NEW YORK (AP) — James Levine is scheduled to conduct 31 performances of four productions at the Metropolitan Opera next season. Whether he actually appears remains uncertain.
"Ultimately, his ability to conduct next season will be determined by how he is physically, and it's too soon to say," Met general manager Peter Gelb said in an interview timed for the company's announcement Wednesday of its 2016-17 schedule.
Levine, who turns 73 in June, has been the Met's leading force since his debut in 1971 and has been music director or artistic director since 1976. He was sidelined for two years with a spinal injury and before he returned in 2013, conducting from a motorized wheelchair, the Met said he was being treated for a Parkinson's disease-related disorder.
His baton technique was erratic during performances of "Tannhaeuser" and "Die Fledermaus" this season, and Levine withdrew from a new staging of "Lulu." Gelb said the Met was prepared to announce Levine's retirement as music director a few weeks ago, effective at the end of this season, but was awaiting word whether a medication change would lead to improvement.
Levine is scheduled to conduct revivals of Verdi's "Simon Boccanegra" starting April 1 and Mozart's "Die Entfuehrung aus dem Serail (The Abduction from the Seraglio)" beginning April 22.
"It's really going to be a question of how rehearsals go," Gelb said Monday.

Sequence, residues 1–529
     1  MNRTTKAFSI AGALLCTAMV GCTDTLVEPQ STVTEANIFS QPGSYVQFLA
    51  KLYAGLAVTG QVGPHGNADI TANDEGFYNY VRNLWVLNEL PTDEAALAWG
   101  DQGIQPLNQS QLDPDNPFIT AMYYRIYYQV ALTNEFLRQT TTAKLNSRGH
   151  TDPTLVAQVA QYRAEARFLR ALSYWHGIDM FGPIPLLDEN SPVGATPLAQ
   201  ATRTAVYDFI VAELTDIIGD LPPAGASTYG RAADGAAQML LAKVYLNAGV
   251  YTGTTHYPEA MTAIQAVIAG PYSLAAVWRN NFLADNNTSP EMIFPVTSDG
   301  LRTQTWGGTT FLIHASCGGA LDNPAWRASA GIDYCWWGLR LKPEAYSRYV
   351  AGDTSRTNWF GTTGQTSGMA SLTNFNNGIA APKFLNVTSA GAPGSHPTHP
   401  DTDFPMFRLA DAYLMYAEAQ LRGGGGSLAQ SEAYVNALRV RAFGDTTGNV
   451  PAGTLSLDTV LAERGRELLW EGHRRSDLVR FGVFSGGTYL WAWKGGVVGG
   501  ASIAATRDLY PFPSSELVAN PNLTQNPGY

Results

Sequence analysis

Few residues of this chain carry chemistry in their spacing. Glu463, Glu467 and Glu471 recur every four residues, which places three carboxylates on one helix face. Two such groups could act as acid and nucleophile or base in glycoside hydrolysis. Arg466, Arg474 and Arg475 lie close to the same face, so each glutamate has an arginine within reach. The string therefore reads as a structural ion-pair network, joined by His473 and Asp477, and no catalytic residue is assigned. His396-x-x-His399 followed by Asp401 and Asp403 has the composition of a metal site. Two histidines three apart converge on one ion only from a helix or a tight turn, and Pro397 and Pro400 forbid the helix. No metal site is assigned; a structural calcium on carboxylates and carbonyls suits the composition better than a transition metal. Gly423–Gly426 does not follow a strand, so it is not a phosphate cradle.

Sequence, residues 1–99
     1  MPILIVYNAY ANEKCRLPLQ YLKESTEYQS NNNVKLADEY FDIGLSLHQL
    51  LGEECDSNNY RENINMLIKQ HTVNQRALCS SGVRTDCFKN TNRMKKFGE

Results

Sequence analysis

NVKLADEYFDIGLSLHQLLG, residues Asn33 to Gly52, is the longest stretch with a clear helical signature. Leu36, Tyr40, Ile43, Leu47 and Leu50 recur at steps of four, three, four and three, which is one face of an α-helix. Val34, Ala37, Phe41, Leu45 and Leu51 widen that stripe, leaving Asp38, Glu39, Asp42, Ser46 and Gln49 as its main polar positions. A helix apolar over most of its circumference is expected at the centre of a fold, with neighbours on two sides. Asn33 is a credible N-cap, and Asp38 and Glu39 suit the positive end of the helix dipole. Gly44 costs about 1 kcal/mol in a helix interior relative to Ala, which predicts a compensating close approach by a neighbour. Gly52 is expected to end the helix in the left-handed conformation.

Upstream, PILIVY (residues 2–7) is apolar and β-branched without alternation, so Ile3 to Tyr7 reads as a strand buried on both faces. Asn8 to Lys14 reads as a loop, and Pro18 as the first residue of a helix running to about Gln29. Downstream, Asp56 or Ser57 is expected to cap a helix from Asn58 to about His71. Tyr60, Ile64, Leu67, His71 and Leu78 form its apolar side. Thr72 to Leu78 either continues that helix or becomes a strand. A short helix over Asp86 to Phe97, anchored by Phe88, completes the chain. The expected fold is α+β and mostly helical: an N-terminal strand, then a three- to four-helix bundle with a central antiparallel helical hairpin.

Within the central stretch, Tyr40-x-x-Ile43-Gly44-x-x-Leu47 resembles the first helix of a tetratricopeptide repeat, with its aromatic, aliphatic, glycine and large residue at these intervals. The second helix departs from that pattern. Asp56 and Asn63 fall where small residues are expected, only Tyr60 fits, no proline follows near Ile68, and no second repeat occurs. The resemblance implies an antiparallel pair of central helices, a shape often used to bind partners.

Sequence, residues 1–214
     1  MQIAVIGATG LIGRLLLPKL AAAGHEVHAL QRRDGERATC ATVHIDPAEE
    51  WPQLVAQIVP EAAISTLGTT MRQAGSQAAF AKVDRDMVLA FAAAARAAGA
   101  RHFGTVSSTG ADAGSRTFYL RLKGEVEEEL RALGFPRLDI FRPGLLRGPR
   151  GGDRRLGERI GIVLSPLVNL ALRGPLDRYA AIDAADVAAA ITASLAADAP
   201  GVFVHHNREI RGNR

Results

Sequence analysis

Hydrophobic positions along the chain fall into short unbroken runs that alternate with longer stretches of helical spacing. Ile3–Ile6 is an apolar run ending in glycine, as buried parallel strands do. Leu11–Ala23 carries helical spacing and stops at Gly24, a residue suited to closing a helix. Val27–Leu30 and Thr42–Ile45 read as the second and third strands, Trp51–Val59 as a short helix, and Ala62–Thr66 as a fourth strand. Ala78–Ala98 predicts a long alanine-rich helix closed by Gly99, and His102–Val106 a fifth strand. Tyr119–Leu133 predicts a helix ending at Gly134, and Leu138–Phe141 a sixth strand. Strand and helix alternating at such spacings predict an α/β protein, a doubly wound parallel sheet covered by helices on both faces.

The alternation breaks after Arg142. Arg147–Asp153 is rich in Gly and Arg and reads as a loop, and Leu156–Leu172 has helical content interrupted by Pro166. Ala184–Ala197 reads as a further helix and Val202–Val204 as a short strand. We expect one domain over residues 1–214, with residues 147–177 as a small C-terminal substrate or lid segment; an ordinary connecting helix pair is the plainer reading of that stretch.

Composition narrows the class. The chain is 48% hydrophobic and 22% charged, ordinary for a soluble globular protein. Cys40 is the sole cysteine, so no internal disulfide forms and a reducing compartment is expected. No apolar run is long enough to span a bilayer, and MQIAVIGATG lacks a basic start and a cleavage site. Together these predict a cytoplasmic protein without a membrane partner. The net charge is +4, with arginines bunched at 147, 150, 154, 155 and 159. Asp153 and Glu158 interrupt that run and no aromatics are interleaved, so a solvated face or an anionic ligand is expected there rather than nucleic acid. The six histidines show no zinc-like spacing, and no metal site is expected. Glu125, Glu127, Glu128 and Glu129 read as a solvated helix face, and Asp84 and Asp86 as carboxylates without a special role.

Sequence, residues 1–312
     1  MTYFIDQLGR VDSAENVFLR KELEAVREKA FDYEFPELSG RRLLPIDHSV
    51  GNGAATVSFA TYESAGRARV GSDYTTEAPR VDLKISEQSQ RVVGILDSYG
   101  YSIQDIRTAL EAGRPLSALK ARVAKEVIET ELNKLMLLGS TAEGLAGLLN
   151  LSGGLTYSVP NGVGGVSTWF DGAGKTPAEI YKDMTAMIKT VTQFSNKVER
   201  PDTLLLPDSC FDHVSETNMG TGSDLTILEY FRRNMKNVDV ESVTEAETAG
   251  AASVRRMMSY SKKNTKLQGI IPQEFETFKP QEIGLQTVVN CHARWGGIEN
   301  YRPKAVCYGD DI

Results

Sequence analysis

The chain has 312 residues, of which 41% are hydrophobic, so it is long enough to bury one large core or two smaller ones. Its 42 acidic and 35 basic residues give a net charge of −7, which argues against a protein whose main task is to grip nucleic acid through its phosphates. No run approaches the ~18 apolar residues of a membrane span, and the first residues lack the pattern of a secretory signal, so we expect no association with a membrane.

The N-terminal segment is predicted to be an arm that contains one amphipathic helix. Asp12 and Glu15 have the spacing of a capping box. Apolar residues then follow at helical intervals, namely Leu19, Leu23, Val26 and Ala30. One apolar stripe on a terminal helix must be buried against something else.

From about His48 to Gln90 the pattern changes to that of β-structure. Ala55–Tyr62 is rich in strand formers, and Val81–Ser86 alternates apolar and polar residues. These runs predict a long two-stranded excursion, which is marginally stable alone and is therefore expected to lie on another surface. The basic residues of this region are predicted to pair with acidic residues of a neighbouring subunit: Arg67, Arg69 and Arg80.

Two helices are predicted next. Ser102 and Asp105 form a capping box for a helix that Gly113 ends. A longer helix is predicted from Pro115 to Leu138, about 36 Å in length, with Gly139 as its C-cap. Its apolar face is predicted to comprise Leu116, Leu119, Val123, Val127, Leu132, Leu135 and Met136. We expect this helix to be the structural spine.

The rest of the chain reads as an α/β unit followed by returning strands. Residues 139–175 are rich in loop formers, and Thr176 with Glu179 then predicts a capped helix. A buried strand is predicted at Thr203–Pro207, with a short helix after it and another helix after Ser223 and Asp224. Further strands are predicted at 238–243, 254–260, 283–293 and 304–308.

Gelb wouldn't say whether he has spoken with possible successors.
Levine is to lead Strauss' "Der Rosenkavalier" starting April 13, 2017, in a Robert Carsen staging that appears to be Renee Fleming's farewell to staged performances of the core opera repertoire.
Levine also is slated to conduct revivals of Rossini's "L'Italiana in Algeria (The Italian Girl in Algiers)," Verdi's "Nabucco" with Placido Domingo in the title role and Mozart's "Idomeneo."
Next season features the company premiere of "L'Amour de Loin (Love from Afar)" by the Finnish composer Kaija Saariaho, only the second staged work by a female composer at the Met and the first since Ethel Smyth's "Der Wald" in 1903.
"I was doubting (for a) long time before daring to take the steps to believe that I could be a composer, because there were not any around me," Saariaho said from Paris. "We are not used to having woman composers writing large works."
The only totally new staging next season is Mary Zimmerman's production of Dvorak's "Rusalka," which opens Feb. 2 and stars Kristine Opolais.
Other new-to-the-Met productions include Lepage's staging of "L'Amour de Loin" (opening Dec. 1); Mariusz Trelinski's version of Wagner's "Tristan und Isolde," which starts the season Sept. 26; Pierre Audi's staging of Rossini's "Guillaume Tell," which opens Oct. 18; and Bartlett Sher's staging of Gounod's "Romeo et Juliette," which opens Dec. 31.
Willy Decker's minimalist production of Verdi's "La Traviata," which debuted on New Year's Eve in 2010, will be given 15 performances in its fifth and final season. A Michael Mayer staging will replace it in 2018-19.
The Met also said a new production of Bellini's "Norma" with Anna Netrebko and Joyce DiDonato will open the 2017-18 season.
Ticket prices will remain the same, $25-$480. The Met sold 69 percent of box office capacity last season, down from 79 percent in 2010-11, and Gelb said this season is slightly behind.